We spoke with the people there, then continued with a hike for around twenty minutes to the stone formations where they have a beautiful sandstone arch called the Arch of Siby. The arch is very big and impressive and can be seen from very far away, but we hiked until we were just below it. There we saw a big arch and a beautiful view of the area and the surrounding hills.

The impressive Arch of Siby

It was a nice difference from the very flat and dusty majority of Mali, which had very few trees. They have a forest and the sandstone hills of Siby. After hiking around there a bit, we returned to the town and had lunch.

A view from the hike

Back to Bamako

We went back to Bamako, where we had been the night before. We chose not to stay at the hotel in Bamako. Instead, we were booked to camp on an island in a tent. The guys thought it would be cool to spend a night on the Niger River in a tent. In the end, it didn’t turn out to be such a good idea, but it seemed okay at the time.

Back on the banks of Bamako

To get there, we went to a harbor in Bamako which is famous for the local girls there who take sand off of the boats. The men in the boats get sand out of the Niger River, and the girls get the sand out of the boats and bring it to the cargo trucks.

Locals hard at work on the sandy shore

We boarded the boat, then took a two or three-hour cruise along the Niger River in Bamako.

All aboard!

Along the river’s edge, we saw many shabby shanty towns, as well as some big villas on the other side of the river. So we saw that there are both very rich and very poor people living there along the river. Bamako has some hills, fancy hotels, and big buildings, but there’s not really too much else to see there.

Mansions on the riverbank

Intense in Tents

We just cruised along the river, and then at some point arrived at the little island where we would spend the night in tents, which were already there when we arrived. We made a nice fire and had some decent food and drinks.

Ready to camp

One thing I really like about Mali is that they have a nice ginger drink. They make a kind of ginger lemonade which is very spicy but quite nice, and I drank a lot of it. I also bought some kind of packaged wine which I drank that night while I had a very nice talk with a German guy in our group. It got quite late as we talked, and then I went back to the tent. ⛺

Unfortunately, the opening of my tent was broken and I couldn’t close it. I put some clothes in front of it so that the mosquitos wouldn’t come in and get me, but somehow they got in anyway and I got really bit up. 🦟 My whole body was swollen, as I had been bitten by easily at least 50 potentially malaria-carrying mosquitos that night. I couldn’t sleep at all, and I basically kept one eye open that whole night.

It was quite uncomfortable and hot in the tent, with mosquitos everywhere that I could hear buzzing around my head as I tried (unsuccessfully) to sleep. It was a very itchy and bad night. I decided that I would have very much preferred to stay at the hotel, but in the end, it was my mistake because the guide had offered me another tent, and I’d said it was fine with just the cloth covering the opening. 🤦‍♂️

A Private Tour

The next morning, I was obviously very tired and in a bad mood from the night before. We were supposed to do a city tour together that day, but I said goodbye to the group early and took a tour instead with my new guides. The organization Continent Tours that I use for these trips is based in Mali, so I was going to meet Usman, the guy who organizes everything. I met him at a hotel and he sent some local guys to show me around. It was just a one-day private tour of Bamako. They also gave me my passport which was at the embassy, so I successfully managed to get my Niger and Burkina Faso visas.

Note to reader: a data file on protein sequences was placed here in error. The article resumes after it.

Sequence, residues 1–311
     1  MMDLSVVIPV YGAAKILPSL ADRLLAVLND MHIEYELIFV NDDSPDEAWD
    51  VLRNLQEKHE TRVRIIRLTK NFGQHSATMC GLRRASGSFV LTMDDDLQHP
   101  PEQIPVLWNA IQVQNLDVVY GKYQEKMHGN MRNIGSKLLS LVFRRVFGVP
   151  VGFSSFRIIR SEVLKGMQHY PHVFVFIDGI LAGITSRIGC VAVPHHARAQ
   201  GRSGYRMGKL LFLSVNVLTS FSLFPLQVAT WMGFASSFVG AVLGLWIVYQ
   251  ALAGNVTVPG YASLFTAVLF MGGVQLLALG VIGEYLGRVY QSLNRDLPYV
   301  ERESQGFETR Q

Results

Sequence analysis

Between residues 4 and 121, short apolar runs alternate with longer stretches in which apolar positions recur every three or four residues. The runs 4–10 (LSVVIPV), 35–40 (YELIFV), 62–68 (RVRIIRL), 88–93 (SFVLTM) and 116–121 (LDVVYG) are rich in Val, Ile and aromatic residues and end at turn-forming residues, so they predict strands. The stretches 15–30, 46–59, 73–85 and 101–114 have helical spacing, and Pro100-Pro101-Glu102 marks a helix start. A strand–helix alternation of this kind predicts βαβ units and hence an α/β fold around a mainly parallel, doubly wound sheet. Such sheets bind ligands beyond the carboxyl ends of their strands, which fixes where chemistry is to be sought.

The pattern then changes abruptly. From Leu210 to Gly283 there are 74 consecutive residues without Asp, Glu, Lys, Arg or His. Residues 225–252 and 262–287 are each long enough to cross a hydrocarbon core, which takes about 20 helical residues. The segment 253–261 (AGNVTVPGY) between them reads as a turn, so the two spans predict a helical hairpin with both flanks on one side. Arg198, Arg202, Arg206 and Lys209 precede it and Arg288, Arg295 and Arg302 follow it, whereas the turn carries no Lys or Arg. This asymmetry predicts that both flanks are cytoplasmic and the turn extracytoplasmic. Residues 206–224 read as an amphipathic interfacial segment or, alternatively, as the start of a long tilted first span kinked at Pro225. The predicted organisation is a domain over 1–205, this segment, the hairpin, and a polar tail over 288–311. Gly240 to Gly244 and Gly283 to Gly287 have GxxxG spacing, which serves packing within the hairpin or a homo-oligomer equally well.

Ready to sightsee in Bamako

On my private tour, I saw the guys from my tour group again at the National Museum. Our itinerary was only slightly different from one another. We went to the hill of Mali to the presidential palace and saw some nice views of Bamako from the top of the hill. We went to the National Museum, which was nice to see with lots of local clothes, sculptures, and traditional things. We went to the poor part of town where they make all the iron and gold, which was interesting to see how they worked there. 🪙

A bird’s eye view of Bamako

At the end of the day, I was happy to go to the nicest hotel in Mali. It was in a big tower, but it was still kind of a shabby hotel, comparatively. I just relaxed there and recovered from the horrible night I’d had in the tent the previous evening. One of the things that I like most about traveling is that you can be in a very bad tent one night and a pretty nice comfy hotel bed the next.

Back at a good hotel after a terrible night

Leaving Mali

The next day, I was supposed to fly out of Mali very early to head to Burkina Faso, a neighboring country. Due to the sanctions I mentioned last time, you cannot go there overland. If it were possible, then it would have just been a six or seven-hour drive to Bobo-Dioulasso, the second-largest city in Burkina Faso, which is closer to the border than the capital city of Ouagadougou. However, the land borders are closed, so I had to fly to Burkina Faso. It was impossible to fly there directly because of the sanctions. The only places in West Africa where I could fly directly were Conakry in Guinea and Nouakchott in Mauritania.

So, first I flew three hours from Bamako to Conakry, then about four hours from Conakry to Lomé in Togo, and then from Lomé another three hours to Burkina Faso. In total, the trip took about fourteen hours to fly from Bamako to Ouagadougou. From Ouagadougou, it was another seven hours of driving west, back toward Mali, to get to Bobo-Dioulasso. It should have been much easier to travel between these neighboring countries, but these are modern times. Burkina Faso had also just experienced a recent coup d’etat, but that’s a story for another day.

Ready for takeoff to Burkina Faso

In Mali, I basically saw everything that I could see without putting my life at too much risk. Anything I missed was basically impossible to see because of the current security threats. A lot of tourists who visit Mali go to see the Dogon tribe, but we weren’t able to visit them, for our own safety.

It’s not so much an issue of Islamic extremists, but some tribes are fighting each other, and we didn’t want to get caught in the crossfire. In total, I got to visit Timbuktu, Mopti, Djenné, San, Ségou, Segoukoro, Siby, Bamako… basically everything that Mali has to safely offer, at the moment. It was a beautiful country with some unexpectedly awesome places, such as Djenné and Siby. All in all, I quite enjoyed my trip.

One last look at Djenné, a highlight of my trip

Catch up with us next time to read all about my travels through Burkina Faso.